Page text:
Staircasing allows you to buy your entire property in manageable chunks of 10% or over. What you need to understand, however, is that each time you wish to staircase, your property gets valued and the price of the part you wish to buy will be set based on that valuation. It means that if your property has considerably increased in value since you first moved in, staircasing can be more expensive that you initially bargained for.

There are also other costs, such as legal and valuation fees and, potentially, stamp duty (if you staircase over 80%) associated with staircasing.

Read: Stamp Duty for Shared Ownership.

 

Restrictions on what you can do

Alterations to your property

Your Shared Ownership property is your rightful home which means that you can decorate it however you wish, which you wouldn't be able to do in a rented property, but there are restrictions on major, structural, alterations. You will need to get a permission from your landlord (usually the housing association you bought your home from) to do the following:

  • any structural changes to your home (examples include: adding an extension to the house or removing any walls inside your property),
  • putting in a laminate floor,
  • mounting a satellite aerial.

If you are found to have carried out such alterations without permission, you will be required to bring your property to its initial state at your own expense.

 

Keeping pets

In most cases you will need a written permission to keep a pet such as a dog or a cat. This permission can be withdrawn at any time if your pet causes any nuisance to your neighbours. No permission will be given for any pets that are considered dangerous.

Many developments have a no-pets policy, so be sure to check for that before you purchase.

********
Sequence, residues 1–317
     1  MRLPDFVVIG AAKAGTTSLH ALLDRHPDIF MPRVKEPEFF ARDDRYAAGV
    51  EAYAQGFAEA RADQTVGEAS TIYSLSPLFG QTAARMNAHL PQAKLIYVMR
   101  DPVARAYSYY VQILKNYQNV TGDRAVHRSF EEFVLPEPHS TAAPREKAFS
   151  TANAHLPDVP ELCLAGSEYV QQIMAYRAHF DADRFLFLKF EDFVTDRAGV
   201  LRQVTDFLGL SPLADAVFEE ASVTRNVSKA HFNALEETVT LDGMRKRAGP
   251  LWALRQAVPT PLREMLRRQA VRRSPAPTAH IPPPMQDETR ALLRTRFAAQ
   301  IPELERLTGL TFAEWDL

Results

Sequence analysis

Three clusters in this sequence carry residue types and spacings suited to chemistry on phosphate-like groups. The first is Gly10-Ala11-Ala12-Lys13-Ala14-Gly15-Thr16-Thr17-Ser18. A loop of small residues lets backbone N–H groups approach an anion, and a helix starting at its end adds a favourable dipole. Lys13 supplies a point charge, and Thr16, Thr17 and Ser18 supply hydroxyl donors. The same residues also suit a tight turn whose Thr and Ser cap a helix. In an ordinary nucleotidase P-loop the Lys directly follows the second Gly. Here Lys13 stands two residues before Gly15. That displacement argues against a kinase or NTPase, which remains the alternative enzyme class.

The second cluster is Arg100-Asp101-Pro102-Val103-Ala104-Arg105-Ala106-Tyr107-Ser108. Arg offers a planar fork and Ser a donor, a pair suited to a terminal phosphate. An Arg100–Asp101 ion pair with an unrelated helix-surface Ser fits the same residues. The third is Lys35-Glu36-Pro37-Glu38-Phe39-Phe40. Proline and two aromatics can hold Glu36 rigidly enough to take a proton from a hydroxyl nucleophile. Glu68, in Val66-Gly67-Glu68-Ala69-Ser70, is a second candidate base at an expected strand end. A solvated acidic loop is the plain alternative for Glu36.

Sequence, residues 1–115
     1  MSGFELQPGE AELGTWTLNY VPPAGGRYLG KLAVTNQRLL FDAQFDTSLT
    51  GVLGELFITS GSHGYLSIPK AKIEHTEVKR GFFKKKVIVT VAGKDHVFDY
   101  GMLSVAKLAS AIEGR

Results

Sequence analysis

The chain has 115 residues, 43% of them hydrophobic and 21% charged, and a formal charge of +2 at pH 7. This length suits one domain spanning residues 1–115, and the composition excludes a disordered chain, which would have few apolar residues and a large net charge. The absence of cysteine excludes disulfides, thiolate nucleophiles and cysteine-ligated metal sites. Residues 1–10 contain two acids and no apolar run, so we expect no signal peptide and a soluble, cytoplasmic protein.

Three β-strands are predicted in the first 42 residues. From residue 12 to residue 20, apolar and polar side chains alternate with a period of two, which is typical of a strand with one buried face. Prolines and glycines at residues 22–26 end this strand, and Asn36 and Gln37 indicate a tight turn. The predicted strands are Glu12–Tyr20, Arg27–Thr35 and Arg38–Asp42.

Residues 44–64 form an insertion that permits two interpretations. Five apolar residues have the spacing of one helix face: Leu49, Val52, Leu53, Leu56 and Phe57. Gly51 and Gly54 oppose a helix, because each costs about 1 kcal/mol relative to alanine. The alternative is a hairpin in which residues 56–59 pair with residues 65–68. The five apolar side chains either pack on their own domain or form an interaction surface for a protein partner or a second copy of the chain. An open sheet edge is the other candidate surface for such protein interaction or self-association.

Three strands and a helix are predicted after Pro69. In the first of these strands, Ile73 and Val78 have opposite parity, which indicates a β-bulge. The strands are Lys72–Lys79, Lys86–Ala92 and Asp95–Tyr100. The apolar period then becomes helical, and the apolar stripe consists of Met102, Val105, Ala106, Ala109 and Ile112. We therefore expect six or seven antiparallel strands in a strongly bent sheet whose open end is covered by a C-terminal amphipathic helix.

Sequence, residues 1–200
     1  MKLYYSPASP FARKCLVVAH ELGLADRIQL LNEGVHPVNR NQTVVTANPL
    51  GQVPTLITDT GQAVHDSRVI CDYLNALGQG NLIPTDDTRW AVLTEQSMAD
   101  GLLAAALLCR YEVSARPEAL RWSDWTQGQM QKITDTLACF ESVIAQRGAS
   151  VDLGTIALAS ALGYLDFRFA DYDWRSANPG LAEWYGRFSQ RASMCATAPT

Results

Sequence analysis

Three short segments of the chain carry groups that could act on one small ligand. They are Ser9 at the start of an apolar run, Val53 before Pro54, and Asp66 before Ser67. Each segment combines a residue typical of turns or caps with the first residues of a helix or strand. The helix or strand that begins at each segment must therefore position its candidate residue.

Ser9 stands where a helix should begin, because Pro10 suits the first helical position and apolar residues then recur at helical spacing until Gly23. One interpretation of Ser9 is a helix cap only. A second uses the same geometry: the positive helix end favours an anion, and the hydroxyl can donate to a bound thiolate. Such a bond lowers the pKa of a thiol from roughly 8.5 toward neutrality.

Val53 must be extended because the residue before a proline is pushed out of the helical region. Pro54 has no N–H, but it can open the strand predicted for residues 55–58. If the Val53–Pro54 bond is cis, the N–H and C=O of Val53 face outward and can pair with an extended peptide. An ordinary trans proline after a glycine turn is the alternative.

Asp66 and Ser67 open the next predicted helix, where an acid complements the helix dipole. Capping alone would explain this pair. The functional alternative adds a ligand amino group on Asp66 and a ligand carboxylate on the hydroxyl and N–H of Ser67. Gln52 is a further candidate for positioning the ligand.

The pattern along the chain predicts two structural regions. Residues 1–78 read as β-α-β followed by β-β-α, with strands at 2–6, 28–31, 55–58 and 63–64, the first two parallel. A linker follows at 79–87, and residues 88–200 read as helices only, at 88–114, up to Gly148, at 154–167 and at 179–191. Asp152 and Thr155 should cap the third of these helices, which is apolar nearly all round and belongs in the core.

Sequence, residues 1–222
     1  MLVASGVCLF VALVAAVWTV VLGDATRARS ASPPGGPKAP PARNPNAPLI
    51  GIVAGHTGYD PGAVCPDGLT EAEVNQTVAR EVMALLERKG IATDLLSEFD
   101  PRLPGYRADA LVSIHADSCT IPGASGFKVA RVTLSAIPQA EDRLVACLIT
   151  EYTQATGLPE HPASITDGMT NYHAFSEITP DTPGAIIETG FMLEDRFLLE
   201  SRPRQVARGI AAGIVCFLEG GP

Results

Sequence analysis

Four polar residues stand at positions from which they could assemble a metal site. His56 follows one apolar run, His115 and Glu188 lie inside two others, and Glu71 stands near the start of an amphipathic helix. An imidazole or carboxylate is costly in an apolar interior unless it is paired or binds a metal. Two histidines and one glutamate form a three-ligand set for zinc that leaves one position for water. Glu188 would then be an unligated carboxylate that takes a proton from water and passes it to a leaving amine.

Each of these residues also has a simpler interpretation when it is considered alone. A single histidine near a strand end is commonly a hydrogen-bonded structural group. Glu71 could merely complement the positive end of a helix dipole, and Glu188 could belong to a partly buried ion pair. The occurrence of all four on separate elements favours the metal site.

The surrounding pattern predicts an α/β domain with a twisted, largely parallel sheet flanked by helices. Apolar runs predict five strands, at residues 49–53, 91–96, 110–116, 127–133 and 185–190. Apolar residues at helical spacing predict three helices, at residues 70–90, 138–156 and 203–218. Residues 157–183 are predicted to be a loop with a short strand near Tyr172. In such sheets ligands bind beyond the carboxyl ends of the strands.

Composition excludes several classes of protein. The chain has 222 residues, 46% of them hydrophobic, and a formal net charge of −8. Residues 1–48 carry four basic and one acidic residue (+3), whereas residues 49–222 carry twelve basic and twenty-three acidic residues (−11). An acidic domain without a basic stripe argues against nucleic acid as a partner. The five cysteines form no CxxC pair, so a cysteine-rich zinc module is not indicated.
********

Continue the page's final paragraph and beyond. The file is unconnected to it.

You cannot sublet your Shared Ownership home

Shared Ownership scheme was designed to help first-time buyers purchase a home in an area they work in, or to which they have a connection, where they normally would not be able to buy due to high prices. It was never designed to be used in a buy-to-let capacity. This is why your leasehold agreement prohibits you from subletting your Shared Ownership home.

This may become problematic if for some reason you need to move to a different area or city. As a Shared Owner, you can either attempt to staircase to 100% whereby subletting restrictions are removed, or - if you cannot afford to buy your property outright - try to sell your home, giving the housing association eight weeks to sell it first, as described below.

There are people who will find these options limiting. Shared Owners can apply to the housing association to remove the subletting restrictions in exceptional circumstances but these decisions are always at the housing association's discretion and decided on a case-by-case basis.